S5: Right. Just saying like I’m going out to look for snacks. Yeah. Bye. Yeah.
S2: So let’s let’s get to just how they’re driven apart the beginning and also just the way that that early fight scene establishes the bizarre lighting patterns. And, you know, this is a very, very strange use of theatrical space and theatrical lighting that’s going to dominate the rest of the movie. That doesn’t really come out except for the credit sequence until they have their first fight. Yeah. So there’s actually quite a bit of sweetness between them before they have that first fight. And that was something that Coppola later said he decided to go back and put in. He used to start off with them squabbling, but then he decided he wanted you to see what was good between them. He wanted you to attach to these two characters in their relationship before splitting them apart. So you get that scene where they, you know, sort of giggle and kisses. He’s on the phone, right. They give each other those gifts that are this very oh, Henry kind of gift where she thinks that he wants tickets to Bora Bora, which he doesn’t, and he thinks that she wants a deed to the house, which she doesn’t. And of course, he’s representing stability, everything staying the same. And she is representing this dream of some tropical fantasy.
S10: Right. Side note, I just feel like there’s something so Seinfeld to me about the number of times we heard that name, Bora-Bora, just putting this in the 80s bucket of the ways that people spoke or like the nature of the fantasy of the moment feels very.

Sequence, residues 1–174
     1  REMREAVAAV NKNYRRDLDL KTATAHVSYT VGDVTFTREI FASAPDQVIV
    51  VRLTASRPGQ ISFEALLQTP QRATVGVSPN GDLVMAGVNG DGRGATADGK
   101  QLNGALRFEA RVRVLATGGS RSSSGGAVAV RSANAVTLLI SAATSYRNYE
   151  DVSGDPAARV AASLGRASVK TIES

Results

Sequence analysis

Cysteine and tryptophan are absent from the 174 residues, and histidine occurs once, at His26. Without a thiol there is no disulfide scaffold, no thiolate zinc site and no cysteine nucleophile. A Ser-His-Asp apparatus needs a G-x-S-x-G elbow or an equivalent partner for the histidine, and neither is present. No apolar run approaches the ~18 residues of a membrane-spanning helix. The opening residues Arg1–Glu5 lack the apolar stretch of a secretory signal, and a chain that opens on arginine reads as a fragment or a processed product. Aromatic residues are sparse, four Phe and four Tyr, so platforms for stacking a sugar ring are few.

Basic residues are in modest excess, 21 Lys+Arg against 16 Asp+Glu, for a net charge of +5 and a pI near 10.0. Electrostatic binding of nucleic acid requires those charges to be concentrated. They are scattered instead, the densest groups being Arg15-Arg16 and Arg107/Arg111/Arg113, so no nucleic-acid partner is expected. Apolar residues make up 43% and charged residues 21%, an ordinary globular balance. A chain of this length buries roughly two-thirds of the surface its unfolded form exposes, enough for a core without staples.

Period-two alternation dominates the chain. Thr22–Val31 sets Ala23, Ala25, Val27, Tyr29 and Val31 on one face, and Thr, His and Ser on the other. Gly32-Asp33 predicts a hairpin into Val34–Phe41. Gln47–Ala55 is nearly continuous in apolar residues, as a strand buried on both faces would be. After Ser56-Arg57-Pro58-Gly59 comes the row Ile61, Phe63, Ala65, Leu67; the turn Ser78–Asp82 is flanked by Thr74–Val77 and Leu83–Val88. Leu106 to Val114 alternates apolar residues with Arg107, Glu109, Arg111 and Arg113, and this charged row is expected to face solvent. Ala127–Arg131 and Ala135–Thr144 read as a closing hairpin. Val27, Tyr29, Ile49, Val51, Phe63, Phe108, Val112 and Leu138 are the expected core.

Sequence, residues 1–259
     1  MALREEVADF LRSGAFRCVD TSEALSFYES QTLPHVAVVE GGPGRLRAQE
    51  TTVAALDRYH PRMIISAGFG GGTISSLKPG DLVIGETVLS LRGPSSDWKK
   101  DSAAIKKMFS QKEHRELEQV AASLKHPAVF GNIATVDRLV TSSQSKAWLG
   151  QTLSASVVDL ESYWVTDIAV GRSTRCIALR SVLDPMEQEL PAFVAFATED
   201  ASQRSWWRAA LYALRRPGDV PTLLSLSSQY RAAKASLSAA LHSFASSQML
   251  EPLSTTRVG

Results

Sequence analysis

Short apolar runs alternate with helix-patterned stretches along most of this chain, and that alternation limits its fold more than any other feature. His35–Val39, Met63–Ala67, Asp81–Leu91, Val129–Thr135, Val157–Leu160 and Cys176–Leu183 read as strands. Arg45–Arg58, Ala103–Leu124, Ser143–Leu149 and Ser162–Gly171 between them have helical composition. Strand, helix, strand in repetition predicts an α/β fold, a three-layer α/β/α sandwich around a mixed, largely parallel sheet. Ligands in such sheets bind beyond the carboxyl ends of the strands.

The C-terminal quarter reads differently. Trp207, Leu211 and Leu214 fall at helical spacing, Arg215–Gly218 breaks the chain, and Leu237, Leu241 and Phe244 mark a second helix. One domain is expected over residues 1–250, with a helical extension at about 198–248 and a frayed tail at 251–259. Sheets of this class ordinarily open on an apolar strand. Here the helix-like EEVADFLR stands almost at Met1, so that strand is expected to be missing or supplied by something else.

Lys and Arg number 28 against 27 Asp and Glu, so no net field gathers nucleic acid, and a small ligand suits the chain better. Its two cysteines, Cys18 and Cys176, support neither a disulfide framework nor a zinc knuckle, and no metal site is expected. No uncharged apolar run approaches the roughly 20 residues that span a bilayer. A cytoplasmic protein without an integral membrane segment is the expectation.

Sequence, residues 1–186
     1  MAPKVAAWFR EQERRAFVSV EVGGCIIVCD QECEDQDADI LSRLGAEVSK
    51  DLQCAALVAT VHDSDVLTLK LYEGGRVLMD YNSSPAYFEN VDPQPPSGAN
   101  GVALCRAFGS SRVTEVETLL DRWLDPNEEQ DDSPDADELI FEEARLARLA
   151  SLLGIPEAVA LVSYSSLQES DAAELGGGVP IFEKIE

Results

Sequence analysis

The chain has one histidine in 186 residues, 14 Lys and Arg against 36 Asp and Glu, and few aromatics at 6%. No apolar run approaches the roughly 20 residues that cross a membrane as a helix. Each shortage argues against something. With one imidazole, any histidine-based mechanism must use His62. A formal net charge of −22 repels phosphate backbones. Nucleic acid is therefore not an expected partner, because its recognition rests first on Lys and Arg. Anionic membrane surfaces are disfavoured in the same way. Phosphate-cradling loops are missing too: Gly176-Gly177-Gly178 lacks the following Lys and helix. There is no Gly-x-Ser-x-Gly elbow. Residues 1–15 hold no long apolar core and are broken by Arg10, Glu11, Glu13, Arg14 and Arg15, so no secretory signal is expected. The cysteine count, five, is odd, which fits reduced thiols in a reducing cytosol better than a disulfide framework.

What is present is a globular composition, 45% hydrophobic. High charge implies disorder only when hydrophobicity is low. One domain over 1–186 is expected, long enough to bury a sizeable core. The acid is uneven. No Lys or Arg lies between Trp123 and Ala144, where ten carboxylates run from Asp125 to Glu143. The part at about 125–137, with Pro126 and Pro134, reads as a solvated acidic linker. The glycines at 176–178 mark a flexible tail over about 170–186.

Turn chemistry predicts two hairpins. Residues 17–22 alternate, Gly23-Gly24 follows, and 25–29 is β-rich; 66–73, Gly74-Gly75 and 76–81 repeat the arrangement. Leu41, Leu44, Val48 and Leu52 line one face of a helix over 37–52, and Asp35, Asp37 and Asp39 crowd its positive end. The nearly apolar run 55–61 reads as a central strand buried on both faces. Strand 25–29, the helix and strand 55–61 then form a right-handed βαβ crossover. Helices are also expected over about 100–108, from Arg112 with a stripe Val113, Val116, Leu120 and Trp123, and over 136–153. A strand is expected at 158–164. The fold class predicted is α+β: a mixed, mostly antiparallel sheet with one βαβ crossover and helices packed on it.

S7: Of the time to me. And I had to laugh about that.
S5: It’s like the shirts that Tom Cruise wears and cocktail or something. Right. I mean, it’s it’s a very Hawaiian shirt. Dream of it. Absolutely. Leisure and freedom.
S10: Absolutely. She’s gonna be a huge Scarface fan when that comes out.
S5: But so she’s established. Is this person who is dreaming of different things. Yeah. Wants to change up their lives. Who, for example, on their anniversary wants to go out dancing and is already to do so when he says no, but I’ve made you dinner. And I actually love how that very first fight is a. Did right, she says. I thought we were going out. And then there’s a cut and we seem to have just skipped over some period of time and suddenly they’re glumly sitting in chairs staring at each other. And you just know that they’ve had this horrible deflating couples fight, but we don’t have to actually hear it.
S11: No, we don’t. And I think that’s important because I think, like, even though he gives us these fights early on, what he doesn’t do. Coppola is like deflate.
S7: Like, I don’t feel overly bogged down in the problems of the relationship, even as they are apparent to me, like this is a jump off point for the movie. They have to kind of a light from here. They have to live out their fantasies in some way. I don’t feel overly bogged down in the sadness of this, even though it is sad to me, even just the idea of the ways that their minds are just not in sync about any of this, how he doesn’t really seem to understand that she wouldn’t want to live in that house forever. You would think that be something that he would understand about her. And you think that she would understand that he’s not the Bora-Bora type. There’s like there’s something innately sad to that. But the movie doesn’t get in the way of the momentum of them, meaning to go somewhere from here, which I think is important, particularly for her to me. There’s something about Terry gaṇa that just so alive that like she really in particular takes off from here. And she’s also right. She’s like the more exciting character because he’s one. He’s like, let’s put on close and go out and do something exciting for our anniversary. Yeah, definitely pro her. I don’t think the movie’s making us a side. I think that she’s naturally more the character that I’m more interested in.